Passed/Failed: An education in the life of David Remnick, editor of The New Yorker
'I was in academic nirvana'
Thursday 19 October 2006
David Remnick, 48, was The Washington Post's Moscow correspondent, and later won a Pulitzer Prize for his book, Lenin's Tomb: The Last Days of the Soviet Empire. He joined The New Yorker in 1992, and has edited the magazine since 1998. Reporting: Writings from 'The New Yorker' is out now
Hillsdale, in New Jersey, where I grew up, is only 35 minutes from where my family now lives in New York, but it feels pastoral by comparison. From kindergarten to the end of high school, it was an East Coast version of what you see in the film American Graffiti: the marching bands, the football teams... Very middle class in a blue-collar American rather than an English way. Springsteenian, I would say.
I went to kindergarten in a yeshiva -a traditional Jewish school - in Patterson, then began first grade at the George G White School, across the road from our house. At 13, I went to Pascack Valley High.
Maybe because of Sputnik, instruction was stronger in the sciences than in the humanities. I was a dutiful science student and an enthusiastic arts student. I was lucky enough to find one or two intellectually sympathetic teachers. Also, I had a friend who was on my wavelength and we bought books together at church sales. Older and more cynical people might have said that we were pretentious, but my feeling is that pretension is a good thing, the progenitor of actual achievement. What scares me is apathy.
Across the river, there were these things you heard about: private schools. They were close to us in the sense that Hampstead Heath and Brixton are in the same city. If you went to a well-known private school in New York or New England, loads of you would go to Harvard or Yale. It was unusual in our [state] school, but one kid in my class went to Harvard and one to Cornell. Then, by a miracle, I got into Princeton, the "preppiest" of the Ivy League universities, sequestered from contact with the rest of the world. It was wonderful, an academic nirvana, just heaven. I studied Russian and French and majored in comparative literature.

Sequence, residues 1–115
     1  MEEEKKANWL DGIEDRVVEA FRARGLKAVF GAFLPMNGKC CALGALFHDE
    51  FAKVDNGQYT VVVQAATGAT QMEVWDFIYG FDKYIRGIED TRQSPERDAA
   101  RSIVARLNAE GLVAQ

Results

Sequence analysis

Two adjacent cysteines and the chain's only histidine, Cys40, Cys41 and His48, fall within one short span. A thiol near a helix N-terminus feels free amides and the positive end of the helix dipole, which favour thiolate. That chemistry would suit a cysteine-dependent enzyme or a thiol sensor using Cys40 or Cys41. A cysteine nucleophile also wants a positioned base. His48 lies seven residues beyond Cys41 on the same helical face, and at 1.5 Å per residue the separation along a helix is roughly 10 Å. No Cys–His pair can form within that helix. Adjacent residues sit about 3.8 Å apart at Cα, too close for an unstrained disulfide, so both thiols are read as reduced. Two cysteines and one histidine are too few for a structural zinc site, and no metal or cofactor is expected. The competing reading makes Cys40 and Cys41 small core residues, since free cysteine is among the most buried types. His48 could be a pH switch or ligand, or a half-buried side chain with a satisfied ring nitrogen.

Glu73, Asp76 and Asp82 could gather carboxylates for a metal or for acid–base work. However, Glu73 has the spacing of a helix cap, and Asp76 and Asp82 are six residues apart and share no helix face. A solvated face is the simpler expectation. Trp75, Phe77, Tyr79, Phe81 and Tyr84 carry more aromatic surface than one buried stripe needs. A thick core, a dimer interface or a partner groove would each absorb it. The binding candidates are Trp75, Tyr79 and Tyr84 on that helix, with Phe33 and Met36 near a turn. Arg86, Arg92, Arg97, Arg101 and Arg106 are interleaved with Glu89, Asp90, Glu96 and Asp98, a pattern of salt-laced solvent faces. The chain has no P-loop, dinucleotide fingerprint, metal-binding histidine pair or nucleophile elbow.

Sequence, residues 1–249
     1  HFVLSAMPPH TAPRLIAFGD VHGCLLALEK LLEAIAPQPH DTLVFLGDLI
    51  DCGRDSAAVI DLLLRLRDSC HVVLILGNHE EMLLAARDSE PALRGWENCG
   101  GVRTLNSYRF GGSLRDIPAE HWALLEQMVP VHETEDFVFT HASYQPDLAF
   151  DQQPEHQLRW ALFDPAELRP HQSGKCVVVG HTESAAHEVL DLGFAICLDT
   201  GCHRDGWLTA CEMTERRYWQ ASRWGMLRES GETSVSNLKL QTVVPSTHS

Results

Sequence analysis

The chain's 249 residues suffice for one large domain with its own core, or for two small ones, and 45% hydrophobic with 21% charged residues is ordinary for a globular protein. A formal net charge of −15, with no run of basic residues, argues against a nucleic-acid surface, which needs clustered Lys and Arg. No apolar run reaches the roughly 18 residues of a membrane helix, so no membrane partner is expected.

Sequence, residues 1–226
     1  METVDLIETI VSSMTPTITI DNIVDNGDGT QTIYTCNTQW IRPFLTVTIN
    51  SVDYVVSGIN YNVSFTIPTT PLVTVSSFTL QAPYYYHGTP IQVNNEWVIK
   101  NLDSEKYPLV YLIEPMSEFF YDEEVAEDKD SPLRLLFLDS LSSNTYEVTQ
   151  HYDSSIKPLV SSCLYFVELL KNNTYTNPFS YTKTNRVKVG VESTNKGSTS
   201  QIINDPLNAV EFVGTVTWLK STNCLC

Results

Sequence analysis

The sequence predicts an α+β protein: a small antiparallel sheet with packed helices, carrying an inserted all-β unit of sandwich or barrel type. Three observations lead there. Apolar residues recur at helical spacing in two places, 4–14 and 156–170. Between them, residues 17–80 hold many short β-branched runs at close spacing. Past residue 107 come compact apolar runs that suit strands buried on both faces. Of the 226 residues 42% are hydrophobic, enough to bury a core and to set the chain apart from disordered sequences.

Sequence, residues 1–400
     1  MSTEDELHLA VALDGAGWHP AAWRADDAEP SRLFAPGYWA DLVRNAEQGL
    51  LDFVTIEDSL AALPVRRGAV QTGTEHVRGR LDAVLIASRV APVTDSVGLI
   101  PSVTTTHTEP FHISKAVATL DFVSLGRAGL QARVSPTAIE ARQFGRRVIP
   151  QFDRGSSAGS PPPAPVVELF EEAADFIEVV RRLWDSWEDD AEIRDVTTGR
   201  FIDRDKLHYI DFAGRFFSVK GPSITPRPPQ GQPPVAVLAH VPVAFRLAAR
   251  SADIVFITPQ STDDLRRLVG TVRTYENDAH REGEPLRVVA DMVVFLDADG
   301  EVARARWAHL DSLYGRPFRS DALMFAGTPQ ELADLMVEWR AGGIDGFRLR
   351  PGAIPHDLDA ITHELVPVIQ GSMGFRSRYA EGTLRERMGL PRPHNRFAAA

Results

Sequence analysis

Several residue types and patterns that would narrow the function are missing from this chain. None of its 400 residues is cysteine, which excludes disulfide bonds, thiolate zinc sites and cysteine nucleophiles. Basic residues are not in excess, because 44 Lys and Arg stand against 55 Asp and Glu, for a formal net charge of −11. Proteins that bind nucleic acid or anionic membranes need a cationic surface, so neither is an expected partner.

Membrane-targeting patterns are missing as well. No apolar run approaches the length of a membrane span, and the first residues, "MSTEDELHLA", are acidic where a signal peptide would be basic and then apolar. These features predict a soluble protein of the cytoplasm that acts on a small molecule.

At high school, I was the kid who did the whole school newspaper himself on the kitchen table - I wrote it myself, under different names. At Princeton, instead of supporting myself by being a waiter, I joined the Press Club and was a stringer for The Washington Post, the New Brunswick Home News and the Asbury Park Press. If a senior member of the university died, I would send out obituaries. I was reading Dante while being a junior apprentice hack.
Princeton is famous for its old-style-tweeds "eating clubs", such as the Ivy Club and the Cap & Gown, with an application process in which you have to put yourself forward, known as a "Bicker". I ran away from all that. I lived in Wilson College, named after the US president who was later president of the university. We were very anti-Brideshead, which is a snobbery of its own.
Most summers in high school, and at first in college, I had my own house-painting business. Then I got a job at Newsday, a paper in Long Island, and the following summer an internship at The Washington Post, which, five years after Watergate, was extremely glamorous.
After graduating, I worked for the paper, but then they said, "Get lost for a year". I went on a Princeton programme in which they sent you to the military dictatorship of your choice - or Japan. I taught for six months at Sophia University, Tokyo, a Jesuit college where, on the first day, I was instructed not to date the students, although they were the same age as me. I found it very lonely and must have read a book or two a day for six months.
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